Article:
Pay-as-you-go (PAYGo) solar financing has electrified the homes of more than 100 million people and transformed many households that aren’t connected to the electrical grid. While evidence suggests that energy access improves women’s wellbeing and economic empowerment, it’s less clear whether PAYGo financing has any particular benefits for women. To learn more, CGAP reviewed the existing impact literature for PAYGo solar and interviewed a range of experts and industry stakeholders. While there are some indications that the PAYGo model is well suited to women’s energy and financial needs and could potentially have a positive impact on their lives, it’s clear that more rigorous research will be needed to better understand the impacts.
PAYGo financing improves access to energy and finance for low-income households in ways that likely benefit women
Energy poverty disproportionately affects girls and women in poor households. Women spend more time and effort than men collecting and preparing wood and other household fuels, face heightened risks from indoor air pollution, and spend a larger part of their day on domestic chores. This often leaves little time for productive activities. Women are also more likely than men to be financially excluded. Despite significant progress, the gender gap in account ownership in developing economies remained about 9 percentage points between 2011 and 2017. Taken together, inadequate access to energy and finance has implications for women’s time, health, economic and social status, and it makes it harder to escape poverty.
Self-reported data from PAYGo providers and anecdotal evidence suggests that PAYGo financing models improve access to both energy and finance for poor households. While sex-disaggregated data on the impact of these models is in short supply, there are good reasons to hypothesize that there may be specific benefits for women.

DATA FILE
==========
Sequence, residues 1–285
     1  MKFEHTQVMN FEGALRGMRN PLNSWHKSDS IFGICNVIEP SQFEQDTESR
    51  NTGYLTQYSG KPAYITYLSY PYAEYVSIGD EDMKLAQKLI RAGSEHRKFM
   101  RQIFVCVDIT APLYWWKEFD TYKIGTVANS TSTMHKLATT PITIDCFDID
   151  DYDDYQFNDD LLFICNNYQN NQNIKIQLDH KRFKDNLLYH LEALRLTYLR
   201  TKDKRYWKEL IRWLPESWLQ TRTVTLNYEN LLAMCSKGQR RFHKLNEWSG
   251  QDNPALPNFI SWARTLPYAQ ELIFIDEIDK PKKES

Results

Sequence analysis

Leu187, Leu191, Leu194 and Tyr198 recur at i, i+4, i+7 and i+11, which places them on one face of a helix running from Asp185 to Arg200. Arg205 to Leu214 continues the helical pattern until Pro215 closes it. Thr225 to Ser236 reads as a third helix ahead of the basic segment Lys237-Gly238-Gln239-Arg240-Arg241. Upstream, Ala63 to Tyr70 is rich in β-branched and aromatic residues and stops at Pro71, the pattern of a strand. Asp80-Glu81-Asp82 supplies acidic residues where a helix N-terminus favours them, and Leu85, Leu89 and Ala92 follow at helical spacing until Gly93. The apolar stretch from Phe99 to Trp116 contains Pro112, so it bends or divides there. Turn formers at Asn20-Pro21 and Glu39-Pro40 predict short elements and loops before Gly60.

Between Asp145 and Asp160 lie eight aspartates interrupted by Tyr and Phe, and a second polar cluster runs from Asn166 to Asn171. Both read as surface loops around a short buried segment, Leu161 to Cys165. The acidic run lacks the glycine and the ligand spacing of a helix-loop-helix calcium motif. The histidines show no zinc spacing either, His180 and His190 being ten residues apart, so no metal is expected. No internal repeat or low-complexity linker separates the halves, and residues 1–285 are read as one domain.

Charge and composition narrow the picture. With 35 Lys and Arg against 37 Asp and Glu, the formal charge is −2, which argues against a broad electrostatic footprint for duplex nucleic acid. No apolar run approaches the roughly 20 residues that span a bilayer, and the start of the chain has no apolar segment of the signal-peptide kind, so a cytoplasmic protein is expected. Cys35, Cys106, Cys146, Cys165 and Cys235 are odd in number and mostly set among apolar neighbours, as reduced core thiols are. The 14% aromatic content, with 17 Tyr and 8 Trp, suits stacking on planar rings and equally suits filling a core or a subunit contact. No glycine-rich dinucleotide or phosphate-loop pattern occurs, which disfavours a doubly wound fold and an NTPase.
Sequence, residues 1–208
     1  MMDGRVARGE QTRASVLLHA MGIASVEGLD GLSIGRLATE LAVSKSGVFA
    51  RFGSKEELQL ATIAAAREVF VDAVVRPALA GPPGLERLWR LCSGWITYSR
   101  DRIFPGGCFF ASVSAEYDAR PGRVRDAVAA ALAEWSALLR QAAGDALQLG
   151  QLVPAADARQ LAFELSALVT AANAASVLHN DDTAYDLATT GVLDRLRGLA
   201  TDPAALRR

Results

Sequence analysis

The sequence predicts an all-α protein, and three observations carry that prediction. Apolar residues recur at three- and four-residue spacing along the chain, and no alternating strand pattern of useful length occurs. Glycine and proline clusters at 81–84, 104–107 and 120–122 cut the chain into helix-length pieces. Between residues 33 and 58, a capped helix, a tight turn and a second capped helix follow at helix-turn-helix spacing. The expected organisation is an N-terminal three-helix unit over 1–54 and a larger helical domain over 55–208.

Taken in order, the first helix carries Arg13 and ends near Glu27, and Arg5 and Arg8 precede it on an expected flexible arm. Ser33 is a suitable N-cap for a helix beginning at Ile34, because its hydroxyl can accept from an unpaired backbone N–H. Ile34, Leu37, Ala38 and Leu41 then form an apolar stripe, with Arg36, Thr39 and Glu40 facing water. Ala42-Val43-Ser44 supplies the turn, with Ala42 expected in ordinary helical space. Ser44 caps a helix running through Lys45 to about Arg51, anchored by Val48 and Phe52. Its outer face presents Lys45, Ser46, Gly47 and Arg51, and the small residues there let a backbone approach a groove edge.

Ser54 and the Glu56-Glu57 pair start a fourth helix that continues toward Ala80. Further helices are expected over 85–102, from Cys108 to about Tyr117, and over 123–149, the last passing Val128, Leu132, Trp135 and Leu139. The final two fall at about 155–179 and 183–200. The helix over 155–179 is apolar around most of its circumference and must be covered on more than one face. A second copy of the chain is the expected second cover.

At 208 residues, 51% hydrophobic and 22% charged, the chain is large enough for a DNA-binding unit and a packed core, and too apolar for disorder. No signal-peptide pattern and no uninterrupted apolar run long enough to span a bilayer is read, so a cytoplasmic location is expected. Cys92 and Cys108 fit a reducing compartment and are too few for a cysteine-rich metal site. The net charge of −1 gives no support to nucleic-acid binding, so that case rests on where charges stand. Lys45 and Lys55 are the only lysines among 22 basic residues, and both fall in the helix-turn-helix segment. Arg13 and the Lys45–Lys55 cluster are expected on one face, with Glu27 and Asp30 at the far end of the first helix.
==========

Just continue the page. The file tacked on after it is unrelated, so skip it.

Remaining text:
The grid electrification literature clearly shows that access to energy can have transformative effects on women. These include increased participation in non-farm jobs outside their homes, increased labor productivity, greater hourly wages and improvements in child schooling outcomes like school enrollment, weekly study time and test scores.
Whether PAYGo electrification can lead to similar impacts is an open question, since it powers much smaller appliances. However, CGAP and FIBR interviews with over 130 households in Africa shows that low-income households value off-grid devices and are willing to finance them with PAYGo loans because light is useful and provides a sense of safety and comfort. Over the years, the range of PAYGo devices has expanded from solar lamps and mobile phone chargers to larger household appliances like solar home systems, cookstoves, refrigerators and solar water pumps. Evidence is emerging that these appliances can reduce women’s workloads at home, provide greater flexibility in how and when they perform domestic chores, and free up more of their time for income-generating activities.
PAYGo financing has also expanded households’ access to financial services that may prove useful to women. It is well known that formal credit is often beyond women’s reach because they lack the credit history or assets to collateralize loans. Asset-based financing models like PAYGo solar offer a way around this challenge. They enable customers to build transaction histories that financial services providers can use to underwrite loans and increase women’s access to finance. These models also offer flexible payment options that are better suited to women’s needs than traditional loans. Recent research also shows that once a device has been paid off, it can be re-collateralized for subsequent loans to meet other household needs, such as paying for children’s school fees.
More rigorous research and sex-disaggregated data is needed to better understand the impact on women